MUSEUMVIEWS was founded in 2003 by HOMA TAJ NASAB (website under construction | visit MUSEUMVIEWS @ Instagram), an artist, filmmaker & museologist. Homa is also the founder of the global advocacy project International Museum Workers Day (IMWD), established 2015.
For three decades, HOMA’s interests in the arts have spanned the worlds of theater, dance, film and visual arts.
Daughter of a self-taught painter, Homa began painting in high school in the late 1980’s. Her first brush with performance arts also came during high school, on Long Island NY, when she briefly studied with the legendary American dancer & choreographer Jacques D’Amboise, a principal dancer of the New York City Ballet.
During the 1990’s, Homa studied at the prestigious Stella Adler Conservatory (1989-1991), and worked as a production assistant on a number of independent film and theatre projects, in New York City & Boston. Later in the decade, she pursued film and video production when she made a number of short films – including Waiting For Van Gogh and an experimental animation film based on Pablo Picasso’s Blue Period masterpiece Seated Nude Back (1902).
To date, Homa has made nine experimental short films. Firmly believing in the myriad arts that comprise the art of cinema, Homa expands her cinematic practice to include mixed media, installation, video and computer arts.
Starting in 2013, Homa returned to her roots as a visual artist, on a full-time basis, making mixed media conceptual and video art with focus on cinema, as well as her experiences of living through a revolution, a war and mass migration.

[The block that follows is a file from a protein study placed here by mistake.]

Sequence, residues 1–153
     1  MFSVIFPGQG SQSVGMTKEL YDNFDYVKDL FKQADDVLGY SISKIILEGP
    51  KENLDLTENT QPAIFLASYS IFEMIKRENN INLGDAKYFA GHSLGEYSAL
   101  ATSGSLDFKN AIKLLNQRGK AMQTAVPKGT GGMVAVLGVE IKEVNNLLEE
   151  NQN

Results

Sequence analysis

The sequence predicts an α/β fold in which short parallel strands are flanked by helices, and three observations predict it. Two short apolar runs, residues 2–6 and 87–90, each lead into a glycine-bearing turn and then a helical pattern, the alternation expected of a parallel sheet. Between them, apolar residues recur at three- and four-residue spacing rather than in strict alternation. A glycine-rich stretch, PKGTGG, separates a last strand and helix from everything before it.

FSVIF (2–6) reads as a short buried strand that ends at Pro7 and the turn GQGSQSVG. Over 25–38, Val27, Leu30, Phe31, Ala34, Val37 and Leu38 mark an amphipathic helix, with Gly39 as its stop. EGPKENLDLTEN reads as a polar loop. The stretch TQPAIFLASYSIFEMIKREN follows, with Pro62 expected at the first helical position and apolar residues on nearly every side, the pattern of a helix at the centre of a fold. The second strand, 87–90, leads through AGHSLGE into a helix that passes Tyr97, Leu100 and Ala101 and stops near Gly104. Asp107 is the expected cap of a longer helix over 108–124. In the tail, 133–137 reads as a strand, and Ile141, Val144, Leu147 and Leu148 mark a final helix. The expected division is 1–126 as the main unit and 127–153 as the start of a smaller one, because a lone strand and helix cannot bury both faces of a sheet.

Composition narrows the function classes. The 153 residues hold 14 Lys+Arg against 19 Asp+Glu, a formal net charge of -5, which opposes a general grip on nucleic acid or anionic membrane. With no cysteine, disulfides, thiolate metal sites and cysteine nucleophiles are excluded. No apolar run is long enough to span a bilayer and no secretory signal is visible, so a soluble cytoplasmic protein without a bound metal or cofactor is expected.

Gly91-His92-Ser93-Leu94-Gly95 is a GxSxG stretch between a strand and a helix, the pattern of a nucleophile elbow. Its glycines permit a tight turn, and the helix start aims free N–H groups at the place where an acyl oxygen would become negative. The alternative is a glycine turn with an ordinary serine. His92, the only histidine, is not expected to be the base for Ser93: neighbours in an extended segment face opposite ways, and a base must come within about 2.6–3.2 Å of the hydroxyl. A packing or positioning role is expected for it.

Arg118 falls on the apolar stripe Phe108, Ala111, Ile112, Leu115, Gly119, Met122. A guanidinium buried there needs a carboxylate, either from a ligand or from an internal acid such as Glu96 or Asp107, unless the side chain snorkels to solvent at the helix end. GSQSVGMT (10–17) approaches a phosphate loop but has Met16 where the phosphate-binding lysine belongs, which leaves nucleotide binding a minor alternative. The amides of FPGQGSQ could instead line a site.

Over the past few years, Homa has created a growing body of erotic nude mixed media paintings reminiscent of ancient and Renaissance Secret Chambers (or Gabinetto Segreto).
In her latest body of work (2022), Homa explores images of women and eroticism embodied by popular movie legends such as Marilyn Monroe, Brigitte Bardot and Elizabeth Taylor, among others. In these pop conceptual paintings the artist dives into the lives of the world’s most celebrated “sex symbols” primarily from the actresses’ own views of their eroticism. Homa re-image(ines) these performing artists’ active and passive engagement in constructing their public image, as well as the ways they lead their private lives, using mainly their own voices (quotes) and those most trusted and closest to them.
This new and ongoing series of paintings is accompanied by a series of multi-media works, including videos and performance pieces.
Homa holds graduate degrees in history of collecting and museology (Harvard University); 19th-20th century fine arts and their institutional histories (The Courtauld Institute); and, histories of museums & collecting (University of Oxford). She also wrote her unpublished doctoral dissertation on the comparative history of museums in emerging markets, c 1870′s-1940′s, at the University of Oxford, UK.